Under Kirchner, the government has actively engaged in a number of acts intended to address decades of silence and impunity, and reincorporate the disappeared into the nation's official history.
But despite the government's efforts to redress the wrongs committed previous governments, some decided to take matters into their own hands today. One protest outside the home of Jose Alfredo Martinez de Hoy, who served as Economy Minister during the dictatorship, ended in clashes with riot police.
What began as an 'escrache' - an Argentine practice like a public shaming - turned violent when demonstrators began to throw projectiles at police guarding the building, smearing its walls with red paint and breaking down barriers erected to keep protesters back.
Police used tear gas to disperse the demonstrators, a group of hardline employed activists, who set fire to a doll outside the building.
Martinez de Hoz served as Economy Minister under Jorge Rafael Videla between 1976 and 1981. He was named by Kirchner in his speech on Friday (March 24) as one of those who played a key role in the dictatorship.
As part of the government's commemorative acts, Argentina's Foreign Minister Jorge Taiana invited a number of foreign diplomats to visit the Navy School of Mechanics (ESMA) with him on Friday (March 24). The ESMA was one of the country's most notorious torture centres during the dictatorship, and is now in the process of being converted to a "Museum of Memory."
Up to 5,000 prisoners passed through these whitewashed buildings in Buenos Aires and many "disappeared" afterward, drugged and dumped into the River Plate or killed in other gory circumstances.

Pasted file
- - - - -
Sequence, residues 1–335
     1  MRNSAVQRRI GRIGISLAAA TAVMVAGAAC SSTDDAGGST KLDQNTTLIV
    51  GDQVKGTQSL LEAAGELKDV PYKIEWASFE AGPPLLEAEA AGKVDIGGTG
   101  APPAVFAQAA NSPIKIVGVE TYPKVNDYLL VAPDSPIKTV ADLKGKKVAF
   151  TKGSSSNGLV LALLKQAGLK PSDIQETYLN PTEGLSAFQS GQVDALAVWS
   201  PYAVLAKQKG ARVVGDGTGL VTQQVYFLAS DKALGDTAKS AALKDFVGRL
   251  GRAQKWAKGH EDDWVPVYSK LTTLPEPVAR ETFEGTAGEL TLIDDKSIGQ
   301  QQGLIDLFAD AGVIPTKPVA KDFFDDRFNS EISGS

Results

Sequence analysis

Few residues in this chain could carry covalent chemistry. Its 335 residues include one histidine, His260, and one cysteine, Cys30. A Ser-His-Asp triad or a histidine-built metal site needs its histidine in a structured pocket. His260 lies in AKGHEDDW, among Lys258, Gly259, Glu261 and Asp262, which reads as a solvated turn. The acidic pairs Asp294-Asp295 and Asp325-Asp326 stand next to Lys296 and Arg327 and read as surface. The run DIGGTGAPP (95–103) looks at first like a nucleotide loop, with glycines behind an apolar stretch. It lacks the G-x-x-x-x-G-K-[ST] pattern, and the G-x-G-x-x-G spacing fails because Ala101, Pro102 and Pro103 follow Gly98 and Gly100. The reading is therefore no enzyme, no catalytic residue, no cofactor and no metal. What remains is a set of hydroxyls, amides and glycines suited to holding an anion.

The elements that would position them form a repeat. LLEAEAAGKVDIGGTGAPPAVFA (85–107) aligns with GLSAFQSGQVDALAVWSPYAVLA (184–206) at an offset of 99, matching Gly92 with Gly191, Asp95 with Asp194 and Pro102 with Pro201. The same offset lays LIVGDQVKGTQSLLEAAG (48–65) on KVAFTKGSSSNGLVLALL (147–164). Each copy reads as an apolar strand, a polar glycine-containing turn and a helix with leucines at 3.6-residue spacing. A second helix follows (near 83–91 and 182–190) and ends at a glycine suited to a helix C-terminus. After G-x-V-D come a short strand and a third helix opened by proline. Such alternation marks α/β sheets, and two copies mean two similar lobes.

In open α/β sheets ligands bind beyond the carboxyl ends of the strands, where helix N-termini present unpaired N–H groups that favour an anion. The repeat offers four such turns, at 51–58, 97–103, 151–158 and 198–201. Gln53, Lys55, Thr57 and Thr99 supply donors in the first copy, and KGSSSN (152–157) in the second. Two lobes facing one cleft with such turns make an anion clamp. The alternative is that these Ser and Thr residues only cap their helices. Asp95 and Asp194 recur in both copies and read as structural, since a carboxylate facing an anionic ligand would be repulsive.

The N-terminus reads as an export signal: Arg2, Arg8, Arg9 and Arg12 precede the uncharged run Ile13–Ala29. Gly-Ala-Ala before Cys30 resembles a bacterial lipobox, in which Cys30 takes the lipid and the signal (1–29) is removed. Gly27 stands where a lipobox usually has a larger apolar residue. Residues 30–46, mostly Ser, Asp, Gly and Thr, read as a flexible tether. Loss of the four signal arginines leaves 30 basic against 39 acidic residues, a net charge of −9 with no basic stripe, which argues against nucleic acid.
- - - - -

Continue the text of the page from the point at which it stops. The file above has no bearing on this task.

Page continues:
Speaking at the event, Taiana said he hoped the visit would serve to show other country's Argentina's intention to create a new society.
"It may simply serve so that you understand better our determination in Argentina, in our government, to put an end to impunity and to create a society and a future on a different basis," he said.
The walls of the ESMA centre, as it is known in Spanish, reveal little of its dark past. The buildings were renovated to cover up evidence of torture before an Organization of American States' probe in 1979.
But two years ago Kirchner announced that the ESMA would be emptied and converted into a monument against human rights atrocities. Portraits of junta leaders were immediately pulled down from the walls.
Meanwhile, thousands took to the streets of Buenos Aires as part of a commemorative march to Plaza de Mayo, the city's main square, to pay tribute to the thousands who lost their lives under the dictatorship. The march, under the slogan "Thirty years: memory, justice, truth", was organised by 370 different social and political organisations.
- Copyright Holder: REUTERS
- Copyright Notice: (c) Copyright Thomson Reuters 2014. Open For Restrictions - http://about.reuters.com/fulllegal.asp
- Usage Terms/Restrictions: None